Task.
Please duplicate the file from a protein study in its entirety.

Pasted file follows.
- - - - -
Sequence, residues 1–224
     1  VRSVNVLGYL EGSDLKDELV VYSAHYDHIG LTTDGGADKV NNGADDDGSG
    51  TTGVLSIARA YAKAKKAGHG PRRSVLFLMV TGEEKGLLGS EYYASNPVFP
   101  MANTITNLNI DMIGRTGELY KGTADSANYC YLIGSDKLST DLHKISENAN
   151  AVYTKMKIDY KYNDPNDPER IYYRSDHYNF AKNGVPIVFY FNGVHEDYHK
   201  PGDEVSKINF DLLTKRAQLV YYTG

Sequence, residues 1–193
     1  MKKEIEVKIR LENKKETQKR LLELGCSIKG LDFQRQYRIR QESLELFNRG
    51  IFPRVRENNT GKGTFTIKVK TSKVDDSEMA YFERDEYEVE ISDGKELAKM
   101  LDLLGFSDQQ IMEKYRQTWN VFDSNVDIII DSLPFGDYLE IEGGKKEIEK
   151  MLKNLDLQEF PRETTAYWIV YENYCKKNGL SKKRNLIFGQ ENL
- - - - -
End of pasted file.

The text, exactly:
Sequence, residues 1–224
     1  VRSVNVLGYL EGSDLKDELV VYSAHYDHIG LTTDGGADKV NNGADDDGSG
    51  TTGVLSIARA YAKAKKAGHG PRRSVLFLMV TGEEKGLLGS EYYASNPVFP
   101  MANTITNLNI DMIGRTGELY KGTADSANYC YLIGSDKLST DLHKISENAN
   151  AVYTKMKIDY KYNDPNDPER IYYRSDHYNF AKNGVPIVFY FNGVHEDYHK
   201  PGDEVSKINF DLLTKRAQLV YYTG

Sequence, residues 1–193
     1  MKKEIEVKIR LENKKETQKR LLELGCSIKG LDFQRQYRIR QESLELFNRG
    51  IFPRVRENNT GKGTFTIKVK TSKVDDSEMA YFERDEYEVE ISDGKELAKM
   101  LDLLGFSDQQ IMEKYRQTWN VFDSNVDIII DSLPFGDYLE IEGGKKEIEK
   151  MLKNLDLQEF PRETTAYWIV YENYCKKNGL SKKRNLIFGQ ENL